The first time Amanda Fitzpatrick saw a gathering of queer women of all ages, together, was at the Toronto Dyke March when she was 18.
She was so happy she cried tears of joy.
“I didn’t really have that space to meet queer people, so going to this event where I was able to see possibilities for myself and talk to people [was] amazing,” Fitzpatrick said. “It was so nice, but that’s pretty much the only event that I go to every year […] where you can just sit down and talk to older queer people, [and] it has always been my favourite part of Pride.”
Fitzpatrick, a fourth-year speech communications major, fourth-year kinesiology student, Ethan Candler and third-year health studies student Victoria Rodney submitted a successful proposal for a workshop at the Fierté Canada Pride Conference in Ottawa-Gatineau for Pride planning committees from across Canada to come together and work to better their Prides.
Their workshop will focus on fostering relationships between queer youth and elders, especially in communities of colour.
Candler said there is a gap between generations of queer people.
Their workshop will aim to help Pride committees develop events to bridge that gap by addressing causes and finding strategies to bring the community together.
“We’re going to address some of the reasons why this gap exists and then go through some of the results of this lack of community,” he said. “And then, hopefully, [we will] have some of the best practices that Pride committees can then implement into their Pride programming.”
The workshop will also focus on the importance of storytelling, which Candler says is a key method of knowledge-sharing, especially in communities of colour.
Fitzpatrick also referred to key events in queer history which youth may be disconnected from or unaware of.
She highlighted the importance of learning from the experiences of elders involved in events like the AIDS crisis and Toronto’s Bathhouse Raids.
“[We are] trying to bring elders and youth together to hear each others’ stories and share knowledge,” she said.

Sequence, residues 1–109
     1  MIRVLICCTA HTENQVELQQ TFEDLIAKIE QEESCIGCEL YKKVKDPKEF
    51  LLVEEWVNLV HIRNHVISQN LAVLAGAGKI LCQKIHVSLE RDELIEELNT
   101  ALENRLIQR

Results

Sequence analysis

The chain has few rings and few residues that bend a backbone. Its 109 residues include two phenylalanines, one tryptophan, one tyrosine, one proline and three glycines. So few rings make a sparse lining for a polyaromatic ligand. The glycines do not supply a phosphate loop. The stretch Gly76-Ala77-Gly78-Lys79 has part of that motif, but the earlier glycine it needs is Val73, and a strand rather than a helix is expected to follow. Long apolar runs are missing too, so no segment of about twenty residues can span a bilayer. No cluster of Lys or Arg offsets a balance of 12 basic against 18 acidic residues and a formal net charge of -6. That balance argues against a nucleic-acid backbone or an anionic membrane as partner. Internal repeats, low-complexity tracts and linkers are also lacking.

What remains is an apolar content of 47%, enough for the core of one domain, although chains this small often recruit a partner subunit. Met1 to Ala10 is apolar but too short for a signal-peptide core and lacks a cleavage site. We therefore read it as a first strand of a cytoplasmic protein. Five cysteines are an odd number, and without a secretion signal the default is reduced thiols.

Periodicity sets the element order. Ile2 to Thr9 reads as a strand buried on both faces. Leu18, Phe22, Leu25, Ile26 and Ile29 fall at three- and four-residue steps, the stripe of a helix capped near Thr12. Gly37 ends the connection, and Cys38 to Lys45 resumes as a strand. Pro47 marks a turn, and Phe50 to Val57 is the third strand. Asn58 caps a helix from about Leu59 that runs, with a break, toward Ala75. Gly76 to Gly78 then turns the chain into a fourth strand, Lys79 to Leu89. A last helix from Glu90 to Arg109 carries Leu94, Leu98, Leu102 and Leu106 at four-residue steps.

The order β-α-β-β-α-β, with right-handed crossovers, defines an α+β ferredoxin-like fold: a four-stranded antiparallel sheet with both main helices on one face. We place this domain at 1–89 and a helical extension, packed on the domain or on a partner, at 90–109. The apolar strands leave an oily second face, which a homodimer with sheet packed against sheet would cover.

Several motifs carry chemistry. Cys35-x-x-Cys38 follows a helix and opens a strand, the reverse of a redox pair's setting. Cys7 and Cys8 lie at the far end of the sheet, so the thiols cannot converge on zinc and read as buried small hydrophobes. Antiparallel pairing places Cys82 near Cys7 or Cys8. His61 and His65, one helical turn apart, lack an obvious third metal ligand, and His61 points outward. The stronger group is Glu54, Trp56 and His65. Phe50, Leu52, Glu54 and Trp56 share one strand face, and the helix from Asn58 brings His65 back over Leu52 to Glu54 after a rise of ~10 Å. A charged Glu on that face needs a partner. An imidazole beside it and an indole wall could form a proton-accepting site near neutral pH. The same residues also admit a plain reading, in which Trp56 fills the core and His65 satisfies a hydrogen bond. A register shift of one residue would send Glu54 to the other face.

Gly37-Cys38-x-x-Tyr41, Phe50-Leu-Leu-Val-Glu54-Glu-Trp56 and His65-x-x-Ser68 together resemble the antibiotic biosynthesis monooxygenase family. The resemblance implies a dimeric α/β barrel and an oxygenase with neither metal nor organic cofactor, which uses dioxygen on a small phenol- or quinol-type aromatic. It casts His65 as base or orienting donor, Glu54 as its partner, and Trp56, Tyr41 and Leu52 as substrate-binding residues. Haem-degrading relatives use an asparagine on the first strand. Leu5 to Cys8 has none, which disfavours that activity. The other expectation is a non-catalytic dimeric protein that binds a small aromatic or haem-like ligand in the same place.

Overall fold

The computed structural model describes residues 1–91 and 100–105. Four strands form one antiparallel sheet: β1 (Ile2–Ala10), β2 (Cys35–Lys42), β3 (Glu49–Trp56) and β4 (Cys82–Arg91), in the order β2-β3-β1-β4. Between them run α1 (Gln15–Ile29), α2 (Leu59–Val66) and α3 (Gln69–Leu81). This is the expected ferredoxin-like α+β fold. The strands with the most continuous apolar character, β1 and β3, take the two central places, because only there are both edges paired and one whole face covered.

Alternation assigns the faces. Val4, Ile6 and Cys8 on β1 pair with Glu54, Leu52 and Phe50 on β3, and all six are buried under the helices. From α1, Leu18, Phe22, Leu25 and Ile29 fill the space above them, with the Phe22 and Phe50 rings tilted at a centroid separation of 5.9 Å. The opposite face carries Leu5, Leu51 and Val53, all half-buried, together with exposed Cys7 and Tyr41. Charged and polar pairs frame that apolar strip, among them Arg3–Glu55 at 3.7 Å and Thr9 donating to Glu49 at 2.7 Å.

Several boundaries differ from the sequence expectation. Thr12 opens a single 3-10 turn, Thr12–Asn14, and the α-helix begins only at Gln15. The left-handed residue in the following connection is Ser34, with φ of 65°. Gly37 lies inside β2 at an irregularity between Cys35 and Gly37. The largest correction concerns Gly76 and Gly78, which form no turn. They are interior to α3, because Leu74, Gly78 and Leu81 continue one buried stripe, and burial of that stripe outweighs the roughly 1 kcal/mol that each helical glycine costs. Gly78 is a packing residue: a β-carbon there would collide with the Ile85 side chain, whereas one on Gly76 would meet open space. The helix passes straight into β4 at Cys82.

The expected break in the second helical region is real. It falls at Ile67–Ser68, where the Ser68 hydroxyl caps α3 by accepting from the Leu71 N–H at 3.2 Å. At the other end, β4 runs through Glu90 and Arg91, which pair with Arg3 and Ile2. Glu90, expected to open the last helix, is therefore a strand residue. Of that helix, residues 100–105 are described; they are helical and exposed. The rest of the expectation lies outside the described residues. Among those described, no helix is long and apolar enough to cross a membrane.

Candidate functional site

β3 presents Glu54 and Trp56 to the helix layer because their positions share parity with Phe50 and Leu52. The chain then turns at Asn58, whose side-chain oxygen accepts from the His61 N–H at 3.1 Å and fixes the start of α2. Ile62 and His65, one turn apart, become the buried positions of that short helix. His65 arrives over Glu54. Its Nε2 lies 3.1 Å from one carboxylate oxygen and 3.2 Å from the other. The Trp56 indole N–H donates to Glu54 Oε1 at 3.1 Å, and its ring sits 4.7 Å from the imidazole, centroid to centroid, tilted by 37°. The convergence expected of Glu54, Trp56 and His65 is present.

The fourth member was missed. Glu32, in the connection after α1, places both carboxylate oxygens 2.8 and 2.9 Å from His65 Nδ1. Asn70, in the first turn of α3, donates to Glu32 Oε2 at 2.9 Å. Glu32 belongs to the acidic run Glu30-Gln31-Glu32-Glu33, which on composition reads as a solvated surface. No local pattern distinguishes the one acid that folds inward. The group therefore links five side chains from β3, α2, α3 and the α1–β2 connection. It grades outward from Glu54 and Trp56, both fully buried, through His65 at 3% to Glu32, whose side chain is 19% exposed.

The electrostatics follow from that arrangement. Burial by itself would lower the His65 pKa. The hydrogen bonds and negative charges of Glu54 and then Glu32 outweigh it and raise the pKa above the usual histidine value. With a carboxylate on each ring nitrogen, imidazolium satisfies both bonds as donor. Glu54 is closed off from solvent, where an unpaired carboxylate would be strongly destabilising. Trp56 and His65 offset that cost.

“There’s so many queer elders that have just so much knowledge about how far we’ve come and the different struggles that were around before that youth may not have experience in,” Fitzpatrick said. “There are so many different things that we can learn from elders in our community and it will be really beautiful to have more community spaces, more events around fostering those relationships.”
Candler and Fitzpatrick both agree that the majority of Pride events are meant for young, gay, white men and are largely centred around the consumption of alcohol and other substances. They feel that, in addition to events for different age groups.
Pride also needs to focus on including people of colour in the conversation. This is especially true, Candler said, with the tendency of many white folks, even allies, to dominate spaces not meant for them.
“Pride also needs to continue to work for its most marginalized people,” Fitzpatrick said. “We need to have pride be something that’s actually working for the people that are struggling and that’s actually working to make things better.”
Candler said that the group will explore the power imbalance. “Before starting any workshop or speaking engagement, I think it’s always important to address the power dynamics that exist,” Candler said.
Candler and Fitzpatrick are optimistic for future Pride events that engage with different types of queer communities.
“One of the best parts about creating the events that bring those two communities together is the ability to make a whole new kind of community.”
The workshop will be a part of the Fierté Canada Pride Conference taking place in Ottawa-Gatineau from Feb. 7-10.